Racism still alive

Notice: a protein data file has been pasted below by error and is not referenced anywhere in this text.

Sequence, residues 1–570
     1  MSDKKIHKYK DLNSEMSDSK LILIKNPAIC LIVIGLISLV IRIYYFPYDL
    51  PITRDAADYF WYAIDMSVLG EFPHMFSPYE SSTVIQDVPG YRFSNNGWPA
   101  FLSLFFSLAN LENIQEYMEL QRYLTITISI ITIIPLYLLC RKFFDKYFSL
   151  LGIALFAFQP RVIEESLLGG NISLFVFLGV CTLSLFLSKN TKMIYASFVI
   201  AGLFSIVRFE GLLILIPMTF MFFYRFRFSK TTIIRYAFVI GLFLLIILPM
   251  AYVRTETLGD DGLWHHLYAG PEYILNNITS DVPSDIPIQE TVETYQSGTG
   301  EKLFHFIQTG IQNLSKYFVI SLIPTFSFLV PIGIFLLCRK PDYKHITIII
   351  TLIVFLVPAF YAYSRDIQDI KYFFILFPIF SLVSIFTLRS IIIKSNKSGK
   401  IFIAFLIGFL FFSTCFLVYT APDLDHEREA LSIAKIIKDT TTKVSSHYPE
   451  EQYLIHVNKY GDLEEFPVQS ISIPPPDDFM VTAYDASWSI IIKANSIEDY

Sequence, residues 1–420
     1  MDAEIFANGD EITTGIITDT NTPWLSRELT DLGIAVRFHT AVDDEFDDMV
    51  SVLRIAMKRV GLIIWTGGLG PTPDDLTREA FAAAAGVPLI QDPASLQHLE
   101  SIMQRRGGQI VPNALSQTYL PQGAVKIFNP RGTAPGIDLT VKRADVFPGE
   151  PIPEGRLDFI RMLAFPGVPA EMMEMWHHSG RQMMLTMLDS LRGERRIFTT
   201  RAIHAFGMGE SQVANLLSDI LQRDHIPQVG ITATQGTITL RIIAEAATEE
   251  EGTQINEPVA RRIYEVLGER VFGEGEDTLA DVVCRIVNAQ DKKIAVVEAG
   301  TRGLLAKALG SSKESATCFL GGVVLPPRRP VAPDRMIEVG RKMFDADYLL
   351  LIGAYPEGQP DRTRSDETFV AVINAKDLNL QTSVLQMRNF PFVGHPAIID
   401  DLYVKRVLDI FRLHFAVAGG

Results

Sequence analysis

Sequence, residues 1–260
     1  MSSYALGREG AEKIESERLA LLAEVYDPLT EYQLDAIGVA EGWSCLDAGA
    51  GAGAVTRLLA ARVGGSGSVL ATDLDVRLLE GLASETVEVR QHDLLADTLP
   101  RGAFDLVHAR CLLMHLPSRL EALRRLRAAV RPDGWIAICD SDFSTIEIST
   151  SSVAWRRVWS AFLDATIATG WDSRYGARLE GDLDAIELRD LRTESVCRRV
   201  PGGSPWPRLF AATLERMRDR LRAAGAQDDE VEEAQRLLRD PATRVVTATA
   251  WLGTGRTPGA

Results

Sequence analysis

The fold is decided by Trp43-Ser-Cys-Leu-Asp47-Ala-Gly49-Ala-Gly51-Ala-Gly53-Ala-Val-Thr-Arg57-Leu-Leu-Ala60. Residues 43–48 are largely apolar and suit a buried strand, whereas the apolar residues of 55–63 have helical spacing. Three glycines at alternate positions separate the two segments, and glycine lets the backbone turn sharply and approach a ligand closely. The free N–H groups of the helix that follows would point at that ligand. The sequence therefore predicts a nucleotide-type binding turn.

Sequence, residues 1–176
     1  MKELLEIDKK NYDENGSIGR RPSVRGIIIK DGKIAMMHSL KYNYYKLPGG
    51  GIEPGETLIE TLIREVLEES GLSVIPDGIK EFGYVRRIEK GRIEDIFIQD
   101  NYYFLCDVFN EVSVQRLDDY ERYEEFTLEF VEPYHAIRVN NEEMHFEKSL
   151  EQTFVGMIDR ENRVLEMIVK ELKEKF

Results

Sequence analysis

Though the recent election of Barack Obama as our next president marks a significant milestone for the advancement of underrepresented groups in politics, the resonance of racism still persists in the United States and is quickly and covertly gaining ground among younger generations. ItâÄôs ironic that for many, the election of Obama symbolized the end âÄî or, at least, the curbing âÄî of racism in the United States, when in reality, that historic moment also gave way to a deluge of racially-polarized hate-mongering toward our first black President, and toward many other groups who have been deemed un-American, terrorists or threats to our national identity. Though racial issues were relatively downplayed during this yearâÄôs political campaigning, thereâÄôs no doubt that racism, from large-scale white supremacy moments to novice local groups, have gained significant momentum in the last few months, especially with young voters in the United States. Take the case of Daniel Cowart and Paul Schlesselman, two neo-Nazi skinheads who were arrested last month, accused of plotting to murder more than 88 African Americans and behead 14. Ultimately, their planned killing spree would end with the assassination of Barack Obama. Such a threat is obviously frightening, but whatâÄôs more unnerving than their violent and bizarre plot (they allegedly planned to wear white tuxedos and top hats during the massacres) is their ages. Cowart and Schlesselman are only 20 and 18 years old. Though the election of Obama served as a rallying cry for multigenerational white supremacists around the United States, the use of the Internet has significantly aided prominent leaders, such as David Duke, in connecting potential members âÄîCowart and Schlesselman âÄî with others in the movement. Though assassination plots and massive killing sprees may seem far off from our âÄúMinnesota niceâÄù mantra, racism and full-blown hate crimes are more than common in our state. In Minnesota, there are at least seven operating hate groups in Minnesota, including Neo-Nazis, Radical Traditionalists, White Nationalists and Christian Identity groups, according to the Southern Poverty Law Center. In the last year, there were a dozen reported racially motivated crimes in Minnesota, including arson, vandalism, threat and intimidation. From noose hanging to swastika graffiti and derogatory slurs, Minnesota is by no means immune from hate. Racism even made local headlines last week when a University of Minnesota student claimed she overheard âÄúthree Somali malesâÄù plotting to bomb two buildings on campus. Areas were evacuated and classes were disrupted for more than one hour. She later admitted she had lied, choosing to make false and racist claims in order to get out of attending class. Though the connection between false threats, assaults and assassination may seem far-fetched, the basis in each of the incidents lies in racism. What has changed from our grandparentsâÄô and parentsâÄô generation is that racism âÄîsuperficially, at least âÄî no longer manifests itself in public shaming, segregation and Jim Crow laws. Instead, it has morphed into less direct âÄî but no less serious âÄî manifestations. Whether itâÄôs a false bomb threat, graffiti on a bathroom stall or racist photos on the web, itâÄôs all the same. Our generation is redefining racism through the ambiguity, secrecy and instantaneous nature of our world. It may be easier to deem racism as another generationâÄôs problem, but considering the recent events on our campus, in our city and inside our state, itâÄôs obvious that it still holds firm in U.S. society. But it doesnâÄôt have to be this way. Our generation of young voters has the incredible ability to change our world âÄî if, of course, we choose to. But we choose to accept racism âÄî however secretive, diluted or anonymous âÄî we undervalue our generationâÄôs potential to continue to create a better society and we continue to mimic the injustices of our past. Kathryn Nelson welcomes comments at [email protected]